What do students do when they write a song?
- Research/brainstorm (it’s okay to be messy)
- Write rough draft
- Recognize and follow patterns
- Use repetition
- Experiment with rhyme
- Use rhythm
- Make sure each song has a surprise
Here’s what happened when I worked with some first graders at Potomac Elementary School (PES) in Potomac, Maryland.
Our subjects were math and science. Teachers Ms. Siegel and Mrs. Li gave me a list of topics that first graders study. I chose a different topic with each class: Magnets, Soil, and Measurement.
First we did brainstorming to write down all the things about the topic that we know. Sometimes questions would arise and we had to do research to make sure we were correct. Then we used our brainstorm to write a rough draft. We had to experiment with different rhymes and rhythms to make sure the song made sense and sounded good to our ears. We had to recognize a pattern in our first verse and then apply that pattern to the rest of the verses. We decided that a good song has magnetic properties—it sticks to your brain!
Besides learning a lot about songwriting and writing original songs, we also learned about collaboration and about democracy (we had to vote on different ideas throughout the process).
I loved seeing how, at PES, kids are encouraged to respectfully disagree. As we wrote our rough drafts, sometimes a statement would be made about the science by one student, and another student would challenge the accuracy of the statement. This prompted us to stop the songwriting process and do a little research to determine accuracy before we continued. Bravo!
Since this residency was a part of the science block, I also introduced a question: can we make musical instruments out of magnets? What about soil or sand? We experimented to get results. Which kind of particle of sand do you think would be the loudest in a shaker? Course or fine?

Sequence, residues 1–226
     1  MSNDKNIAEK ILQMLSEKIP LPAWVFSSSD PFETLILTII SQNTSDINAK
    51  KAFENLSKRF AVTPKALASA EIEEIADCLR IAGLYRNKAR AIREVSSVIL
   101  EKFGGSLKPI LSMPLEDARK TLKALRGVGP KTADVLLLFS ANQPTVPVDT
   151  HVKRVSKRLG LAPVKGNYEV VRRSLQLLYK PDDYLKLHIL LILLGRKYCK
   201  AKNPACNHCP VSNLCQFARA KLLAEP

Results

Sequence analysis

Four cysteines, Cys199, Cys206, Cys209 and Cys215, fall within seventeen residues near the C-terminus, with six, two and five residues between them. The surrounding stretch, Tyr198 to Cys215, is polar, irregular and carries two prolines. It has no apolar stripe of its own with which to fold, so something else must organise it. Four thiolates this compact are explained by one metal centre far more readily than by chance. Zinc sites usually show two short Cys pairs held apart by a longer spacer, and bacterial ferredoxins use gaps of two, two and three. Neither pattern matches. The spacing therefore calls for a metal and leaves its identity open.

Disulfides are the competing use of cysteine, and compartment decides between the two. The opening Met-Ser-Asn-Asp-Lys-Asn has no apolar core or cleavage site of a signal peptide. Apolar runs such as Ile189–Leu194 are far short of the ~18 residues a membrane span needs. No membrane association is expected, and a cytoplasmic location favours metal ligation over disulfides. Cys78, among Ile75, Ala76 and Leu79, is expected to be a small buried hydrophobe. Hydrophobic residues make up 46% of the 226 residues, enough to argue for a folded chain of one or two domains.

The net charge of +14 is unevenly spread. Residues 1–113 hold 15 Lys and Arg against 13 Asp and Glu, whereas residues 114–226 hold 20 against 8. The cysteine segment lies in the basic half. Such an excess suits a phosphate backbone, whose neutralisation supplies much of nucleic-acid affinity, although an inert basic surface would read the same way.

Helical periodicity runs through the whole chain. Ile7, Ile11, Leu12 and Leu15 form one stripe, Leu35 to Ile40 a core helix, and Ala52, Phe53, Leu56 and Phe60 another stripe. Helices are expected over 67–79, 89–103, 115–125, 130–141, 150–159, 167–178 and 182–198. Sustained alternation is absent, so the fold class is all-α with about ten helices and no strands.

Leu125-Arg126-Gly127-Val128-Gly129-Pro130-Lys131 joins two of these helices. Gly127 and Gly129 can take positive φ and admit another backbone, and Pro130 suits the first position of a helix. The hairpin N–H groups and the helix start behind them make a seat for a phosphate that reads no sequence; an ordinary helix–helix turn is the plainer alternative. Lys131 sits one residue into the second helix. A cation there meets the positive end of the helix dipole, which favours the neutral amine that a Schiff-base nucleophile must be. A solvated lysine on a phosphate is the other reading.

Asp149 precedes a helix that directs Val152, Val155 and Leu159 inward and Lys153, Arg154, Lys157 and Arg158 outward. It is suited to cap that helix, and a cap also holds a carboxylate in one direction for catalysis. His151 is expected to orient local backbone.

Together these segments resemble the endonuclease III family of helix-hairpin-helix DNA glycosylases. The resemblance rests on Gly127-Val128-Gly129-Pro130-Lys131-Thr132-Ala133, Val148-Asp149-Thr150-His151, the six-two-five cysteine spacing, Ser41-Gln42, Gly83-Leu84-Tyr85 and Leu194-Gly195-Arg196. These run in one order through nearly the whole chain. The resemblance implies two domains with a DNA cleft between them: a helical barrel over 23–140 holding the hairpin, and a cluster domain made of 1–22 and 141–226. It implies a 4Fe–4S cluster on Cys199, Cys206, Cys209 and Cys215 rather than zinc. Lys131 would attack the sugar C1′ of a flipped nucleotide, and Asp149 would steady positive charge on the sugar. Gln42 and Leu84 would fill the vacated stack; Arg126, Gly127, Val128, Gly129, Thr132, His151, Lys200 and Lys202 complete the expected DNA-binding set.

Listen to the students' songs
When you listen to the songs, pay attention to the pattern, the rhymes, the rhythm, and the meaning.
You Need Me
Download You Need Me song lyrics and chords . Sing and play along with the song.
What parents can do at home
1. Continue the folk song tradition of taking a song you already know and changing the words. This is a great activity for car rides! As our warm-up, we took a folk song that uses math and changed the words to make it a little more challenging. Substituting new words for old words in a folk song is a great way to encourage songwriting. When you substitute words, you have to make sense and you have to remember the new ones. It takes focus and concentration!
50 bottles of juice on the shelf.
50 bottles of juice.
Take ten down and pass them around
40 bottles of juice on the shelf.
2. When you are listening to a song with your kids, ask:
- Is there rhyme?
- What’s the pattern of the song?
- What’s the rhythm of the song?
- What’s the emotion of the song?
- Does the rhythm and melody fit the emotion/meaning?
- What’s the main idea of the song?
- Is there a chorus (a part that repeats)?
- Is there repetition?
- Is there a surprise?
3. If your child writes a song for fun at home, encourage him or her. As first graders, they might write silly songs. Their songs might not even make complete sense. That is okay. Please don’t try to make your child’s song perfect. Comment on something positive about the song. Does it have rhyme? Does it have rhythm? At this age, experimentation, play, and fluidity are important.
4. Add a ritual of making up songs together or singing songs that you know before dinner, while you’re cooking, when you’re stuck in traffic.
5. Sing and play the original songs above! I’ll have a new series of chapter books about a songwriting club in an elementary school: News from Me, Lucy McGee (2018) and Sing With Me, Lucy McGee (2019). The books come with songs that are perfect for elementary school students.
Happy reading and keep singing!